Set during an unspecified year in the near future, Novistan is a nation obsessed with genetic modification, on the brink of conflict with the neighbouring country of Learis. Racial tensions run high, an epidemic is feared and drug and alcohol addictions are commonplace.  ‘Headliner’ may highlight the plight of the everyday man, but they live in a world controlled by corporations and a potentially corrupt government. But, how do you present these unseen forces to your readers? Opinions on businesses and the amount you support the government will affect your papers funding and reach. There’s merit to being unbiased but becoming too radical makes your publication un-relatable to the masses and vulnerable to criticism. Without advertising your media empire will collapse, without government support you’ll be shut down. Like every decision in ‘Headliner’ there’s no obvious right answer, it’s impossible to please all of the people all of the time. 

With so much going on within the game world it’s useful that each news story has an icon that identifies which topic it relates to. To spice the game play up slightly, sometimes you’ll be presented conditions you must meet, for example approving a set amount of articles that day. But that really is the extent of what you need to do when playing. There’s money in the game, but spending it didn’t seem to change what happens - the character will always eat and sleep and who really cares what colour their apartment is?  The limited gameplay will be familiar to anyone who has played the cult hit ‘Papers, Please’ in fact that game is even referenced in ‘Headliner: NoviNews’. It’s also comparable to games like ‘60 Seconds’ and visual novels. You make decisions, see what happens, go to bed and repeat until the narrative is played out. It’s not a traditional game from a gameplay perspective, it’s more of a narrative experience albeit one without explicit decision making. You never feel like you’re directly controlling the plot or even your own fate. You are more a guide steering towards an outcome you want to happen and watching the events unfold, often in unpredictable ways.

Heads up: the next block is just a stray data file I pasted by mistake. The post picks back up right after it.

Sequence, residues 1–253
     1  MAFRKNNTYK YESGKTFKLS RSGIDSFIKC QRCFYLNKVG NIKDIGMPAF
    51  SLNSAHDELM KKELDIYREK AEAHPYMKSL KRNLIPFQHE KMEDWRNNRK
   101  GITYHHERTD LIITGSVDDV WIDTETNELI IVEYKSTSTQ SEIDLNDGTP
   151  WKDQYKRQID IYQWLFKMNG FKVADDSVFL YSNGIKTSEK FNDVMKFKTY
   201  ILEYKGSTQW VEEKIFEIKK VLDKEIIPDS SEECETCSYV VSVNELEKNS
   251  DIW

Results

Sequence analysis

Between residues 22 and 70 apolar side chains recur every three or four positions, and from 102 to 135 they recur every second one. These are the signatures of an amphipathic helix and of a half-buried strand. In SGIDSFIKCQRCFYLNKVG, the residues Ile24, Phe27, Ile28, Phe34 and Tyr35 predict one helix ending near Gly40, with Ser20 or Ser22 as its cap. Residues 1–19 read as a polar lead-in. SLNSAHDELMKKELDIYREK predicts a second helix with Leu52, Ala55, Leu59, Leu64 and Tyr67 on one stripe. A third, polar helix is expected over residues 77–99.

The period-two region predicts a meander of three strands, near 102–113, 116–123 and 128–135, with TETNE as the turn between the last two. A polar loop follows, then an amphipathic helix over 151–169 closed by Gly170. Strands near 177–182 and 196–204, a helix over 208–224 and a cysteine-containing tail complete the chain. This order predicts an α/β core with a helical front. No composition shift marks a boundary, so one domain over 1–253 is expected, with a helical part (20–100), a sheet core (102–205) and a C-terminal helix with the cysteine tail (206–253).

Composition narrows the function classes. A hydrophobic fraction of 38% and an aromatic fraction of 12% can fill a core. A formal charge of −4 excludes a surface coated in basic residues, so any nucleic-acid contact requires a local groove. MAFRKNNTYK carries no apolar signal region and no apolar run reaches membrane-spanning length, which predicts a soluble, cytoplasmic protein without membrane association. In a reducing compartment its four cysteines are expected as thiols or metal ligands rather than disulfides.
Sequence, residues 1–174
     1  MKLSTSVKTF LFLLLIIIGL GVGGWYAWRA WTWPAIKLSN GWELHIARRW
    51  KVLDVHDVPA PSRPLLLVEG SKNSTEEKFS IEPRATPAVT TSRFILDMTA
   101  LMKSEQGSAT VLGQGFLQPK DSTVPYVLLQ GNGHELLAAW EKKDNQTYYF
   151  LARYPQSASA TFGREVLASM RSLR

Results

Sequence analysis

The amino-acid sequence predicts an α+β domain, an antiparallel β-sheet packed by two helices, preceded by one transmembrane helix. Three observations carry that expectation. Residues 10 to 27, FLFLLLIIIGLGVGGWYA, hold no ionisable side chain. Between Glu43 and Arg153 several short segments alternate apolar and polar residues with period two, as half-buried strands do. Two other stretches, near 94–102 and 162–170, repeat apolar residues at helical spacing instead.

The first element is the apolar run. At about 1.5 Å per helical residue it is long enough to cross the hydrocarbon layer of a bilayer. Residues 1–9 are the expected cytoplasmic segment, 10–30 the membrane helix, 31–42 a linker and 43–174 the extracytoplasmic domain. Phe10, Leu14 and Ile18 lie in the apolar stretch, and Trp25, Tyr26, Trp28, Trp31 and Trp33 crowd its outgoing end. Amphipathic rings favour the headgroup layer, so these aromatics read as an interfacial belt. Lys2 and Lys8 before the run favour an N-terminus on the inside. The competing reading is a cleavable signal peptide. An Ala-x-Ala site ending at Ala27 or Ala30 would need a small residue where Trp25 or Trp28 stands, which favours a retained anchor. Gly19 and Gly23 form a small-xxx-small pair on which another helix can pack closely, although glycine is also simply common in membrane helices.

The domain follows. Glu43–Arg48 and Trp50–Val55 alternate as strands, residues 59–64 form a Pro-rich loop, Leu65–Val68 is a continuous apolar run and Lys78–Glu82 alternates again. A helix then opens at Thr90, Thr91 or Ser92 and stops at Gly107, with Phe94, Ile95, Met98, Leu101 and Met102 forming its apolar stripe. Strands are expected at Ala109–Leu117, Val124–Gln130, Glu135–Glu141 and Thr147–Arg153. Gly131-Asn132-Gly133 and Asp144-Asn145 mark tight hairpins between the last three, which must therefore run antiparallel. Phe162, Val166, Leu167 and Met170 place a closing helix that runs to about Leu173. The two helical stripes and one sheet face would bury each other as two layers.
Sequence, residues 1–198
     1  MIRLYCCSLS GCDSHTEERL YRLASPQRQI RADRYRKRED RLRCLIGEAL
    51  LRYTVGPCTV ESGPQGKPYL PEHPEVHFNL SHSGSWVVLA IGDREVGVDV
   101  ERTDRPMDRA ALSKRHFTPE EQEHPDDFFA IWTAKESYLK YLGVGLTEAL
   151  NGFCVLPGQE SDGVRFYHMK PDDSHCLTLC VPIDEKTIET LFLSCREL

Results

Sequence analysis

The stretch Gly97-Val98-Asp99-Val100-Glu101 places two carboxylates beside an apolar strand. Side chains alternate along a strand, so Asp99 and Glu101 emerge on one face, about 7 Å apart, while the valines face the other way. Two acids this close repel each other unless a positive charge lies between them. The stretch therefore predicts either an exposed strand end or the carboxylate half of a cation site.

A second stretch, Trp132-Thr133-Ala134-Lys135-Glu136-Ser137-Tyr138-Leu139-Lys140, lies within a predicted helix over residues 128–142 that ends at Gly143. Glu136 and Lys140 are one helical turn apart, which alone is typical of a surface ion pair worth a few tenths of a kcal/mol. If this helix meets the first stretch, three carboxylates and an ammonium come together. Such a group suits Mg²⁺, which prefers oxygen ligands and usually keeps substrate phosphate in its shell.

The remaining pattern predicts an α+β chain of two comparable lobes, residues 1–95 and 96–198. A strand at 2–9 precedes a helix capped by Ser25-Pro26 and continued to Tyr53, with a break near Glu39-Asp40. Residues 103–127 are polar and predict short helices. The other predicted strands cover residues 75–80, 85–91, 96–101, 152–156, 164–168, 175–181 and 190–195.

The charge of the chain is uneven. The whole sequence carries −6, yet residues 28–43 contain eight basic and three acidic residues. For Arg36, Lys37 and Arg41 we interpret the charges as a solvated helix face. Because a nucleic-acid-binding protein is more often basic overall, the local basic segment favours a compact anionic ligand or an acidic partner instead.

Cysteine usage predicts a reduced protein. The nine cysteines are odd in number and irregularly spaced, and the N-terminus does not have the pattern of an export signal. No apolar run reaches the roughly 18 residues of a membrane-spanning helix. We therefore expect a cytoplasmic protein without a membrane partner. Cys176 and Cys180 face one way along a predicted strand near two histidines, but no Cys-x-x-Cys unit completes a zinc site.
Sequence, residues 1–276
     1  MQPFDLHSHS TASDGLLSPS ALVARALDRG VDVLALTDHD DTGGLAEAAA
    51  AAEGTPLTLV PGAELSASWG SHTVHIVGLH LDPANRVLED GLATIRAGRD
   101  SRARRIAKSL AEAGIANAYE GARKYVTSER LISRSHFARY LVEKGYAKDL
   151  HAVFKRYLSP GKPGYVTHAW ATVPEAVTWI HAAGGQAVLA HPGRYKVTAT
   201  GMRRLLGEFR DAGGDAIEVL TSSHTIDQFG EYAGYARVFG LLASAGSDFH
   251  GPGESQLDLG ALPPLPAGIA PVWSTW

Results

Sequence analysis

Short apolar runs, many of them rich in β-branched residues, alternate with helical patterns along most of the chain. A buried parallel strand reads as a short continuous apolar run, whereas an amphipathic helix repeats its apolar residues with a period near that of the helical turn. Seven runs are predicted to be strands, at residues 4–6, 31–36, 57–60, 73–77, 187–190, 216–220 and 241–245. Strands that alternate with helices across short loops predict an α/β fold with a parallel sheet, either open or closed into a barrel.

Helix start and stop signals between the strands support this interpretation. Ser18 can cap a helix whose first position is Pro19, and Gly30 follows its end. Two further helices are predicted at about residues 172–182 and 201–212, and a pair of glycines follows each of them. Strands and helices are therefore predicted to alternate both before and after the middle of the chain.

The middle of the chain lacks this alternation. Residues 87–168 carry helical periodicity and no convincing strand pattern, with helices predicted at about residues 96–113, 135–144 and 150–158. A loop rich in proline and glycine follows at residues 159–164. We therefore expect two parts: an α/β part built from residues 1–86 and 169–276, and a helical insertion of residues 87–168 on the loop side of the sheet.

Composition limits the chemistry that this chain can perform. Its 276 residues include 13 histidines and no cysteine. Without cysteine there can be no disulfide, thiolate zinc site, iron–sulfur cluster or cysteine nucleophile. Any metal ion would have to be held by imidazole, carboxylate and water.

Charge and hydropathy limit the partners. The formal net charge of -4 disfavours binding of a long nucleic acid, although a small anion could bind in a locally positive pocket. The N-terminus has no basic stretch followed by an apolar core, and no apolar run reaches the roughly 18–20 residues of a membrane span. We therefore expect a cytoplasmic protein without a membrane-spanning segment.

For such a technically simple game it is shocking that the experience is blighted by loading though. Sometimes it takes close to a minute to start a new day. This is incredibly jarring and takes you out of the game world for too long - a significant short coming when the success of ‘Headliner’ depends on player immersion.  Selecting between two news stories is also flawed because your A button (the one on the right of the pad) selects the left article, while B (to the left of the A button) always picks the right news article. It’s all very counter-intuitive and it’s niggles like this that should have been noticed during QA. Perhaps more crucially you also have no way to change your mind once you’ve approved or rejected a news article, even if you made a decision by mistake. It’s always worth reading everything on hand before making a final decision. Thankfully the game does auto-save at the start of each day, but having to reload is a cumbersome solution to a problem caused by the controller buttons being badly mapped. Touch controls do solve the problem, but this is obviously only possible in handheld mode. 

Outside your office the technical problems persist. Your protagonist feels like they’re moving on ice during the side-on street walk sections. They’ll drift along in an unresponsive manner sometimes even heading in a random direction. I initially thought I was suffering from the dreaded “D-pad drift” but the same thing happened when playing with a pro-controller. It might have been that the game was trying to guide me towards points of interest or it may simply be that ‘Headliner’ has just been badly ported to the Switch.  This feeling is compounded by the fact that the game is also, bizarrely, a huge battery drain. I got less than two hours play from a complete charge. The graphics are hardly system intensive; they’re functional but not really stylish. At one point you can interact with a pet dog in your apartment an action that seems to have no bearing on gameplay at all. During this section you see a close up view of your in-game character and it highlights the low polygon count in a very unfavourable way.